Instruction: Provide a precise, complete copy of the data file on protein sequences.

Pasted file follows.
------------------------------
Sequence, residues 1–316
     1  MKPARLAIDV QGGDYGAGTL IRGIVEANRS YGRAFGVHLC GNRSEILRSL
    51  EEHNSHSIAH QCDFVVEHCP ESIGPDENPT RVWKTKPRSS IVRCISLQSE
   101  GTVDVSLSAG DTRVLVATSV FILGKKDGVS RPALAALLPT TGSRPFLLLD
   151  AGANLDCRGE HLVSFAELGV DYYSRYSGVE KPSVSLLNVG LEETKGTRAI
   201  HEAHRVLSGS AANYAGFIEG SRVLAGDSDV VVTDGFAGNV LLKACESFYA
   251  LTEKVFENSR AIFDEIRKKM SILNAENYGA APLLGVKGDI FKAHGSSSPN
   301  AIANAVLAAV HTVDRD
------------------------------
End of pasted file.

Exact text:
Sequence, residues 1–316
     1  MKPARLAIDV QGGDYGAGTL IRGIVEANRS YGRAFGVHLC GNRSEILRSL
    51  EEHNSHSIAH QCDFVVEHCP ESIGPDENPT RVWKTKPRSS IVRCISLQSE
   101  GTVDVSLSAG DTRVLVATSV FILGKKDGVS RPALAALLPT TGSRPFLLLD
   151  AGANLDCRGE HLVSFAELGV DYYSRYSGVE KPSVSLLNVG LEETKGTRAI
   201  HEAHRVLSGS AANYAGFIEG SRVLAGDSDV VVTDGFAGNV LLKACESFYA
   251  LTEKVFENSR AIFDEIRKKM SILNAENYGA APLLGVKGDI FKAHGSSSPN
   301  AIANAVLAAV HTVDRD